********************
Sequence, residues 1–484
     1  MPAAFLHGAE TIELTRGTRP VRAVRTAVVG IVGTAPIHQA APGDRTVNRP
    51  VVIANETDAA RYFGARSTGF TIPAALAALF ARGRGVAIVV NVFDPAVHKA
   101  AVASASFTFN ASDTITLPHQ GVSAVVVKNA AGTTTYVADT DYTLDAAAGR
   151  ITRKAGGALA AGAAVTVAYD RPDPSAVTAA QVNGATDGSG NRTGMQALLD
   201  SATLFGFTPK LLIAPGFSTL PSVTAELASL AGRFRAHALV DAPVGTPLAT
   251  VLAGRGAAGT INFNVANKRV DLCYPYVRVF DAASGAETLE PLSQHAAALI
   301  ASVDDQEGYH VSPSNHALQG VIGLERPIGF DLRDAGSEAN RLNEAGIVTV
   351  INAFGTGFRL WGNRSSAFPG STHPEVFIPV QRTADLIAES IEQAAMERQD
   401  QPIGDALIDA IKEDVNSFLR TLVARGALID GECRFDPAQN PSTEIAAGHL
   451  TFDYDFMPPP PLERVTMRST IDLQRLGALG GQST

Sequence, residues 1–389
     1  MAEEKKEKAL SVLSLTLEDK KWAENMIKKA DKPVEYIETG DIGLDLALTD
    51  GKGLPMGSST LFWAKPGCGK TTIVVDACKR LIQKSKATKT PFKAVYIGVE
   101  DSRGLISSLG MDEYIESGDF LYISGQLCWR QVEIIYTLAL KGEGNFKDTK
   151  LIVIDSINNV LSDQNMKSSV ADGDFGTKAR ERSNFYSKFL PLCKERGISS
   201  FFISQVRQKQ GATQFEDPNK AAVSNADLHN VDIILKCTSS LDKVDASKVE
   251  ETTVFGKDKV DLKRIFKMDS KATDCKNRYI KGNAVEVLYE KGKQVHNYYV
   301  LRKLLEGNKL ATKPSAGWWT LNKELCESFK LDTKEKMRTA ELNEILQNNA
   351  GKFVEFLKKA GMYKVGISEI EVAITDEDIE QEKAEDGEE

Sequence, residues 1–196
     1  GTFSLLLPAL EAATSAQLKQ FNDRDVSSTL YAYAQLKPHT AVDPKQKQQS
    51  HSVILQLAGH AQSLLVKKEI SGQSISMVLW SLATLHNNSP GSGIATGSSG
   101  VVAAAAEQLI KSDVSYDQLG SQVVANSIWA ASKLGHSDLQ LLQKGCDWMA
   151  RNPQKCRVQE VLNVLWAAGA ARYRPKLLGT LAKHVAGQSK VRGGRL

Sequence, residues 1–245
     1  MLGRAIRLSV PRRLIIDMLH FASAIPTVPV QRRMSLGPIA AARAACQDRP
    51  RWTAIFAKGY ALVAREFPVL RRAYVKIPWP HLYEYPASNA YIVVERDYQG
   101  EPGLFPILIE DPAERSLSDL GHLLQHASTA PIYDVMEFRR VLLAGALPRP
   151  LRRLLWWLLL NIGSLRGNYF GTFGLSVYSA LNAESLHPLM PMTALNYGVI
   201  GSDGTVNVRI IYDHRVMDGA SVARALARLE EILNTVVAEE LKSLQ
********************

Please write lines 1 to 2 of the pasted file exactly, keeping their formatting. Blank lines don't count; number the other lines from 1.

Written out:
Sequence, residues 1–484
     1  MPAAFLHGAE TIELTRGTRP VRAVRTAVVG IVGTAPIHQA APGDRTVNRP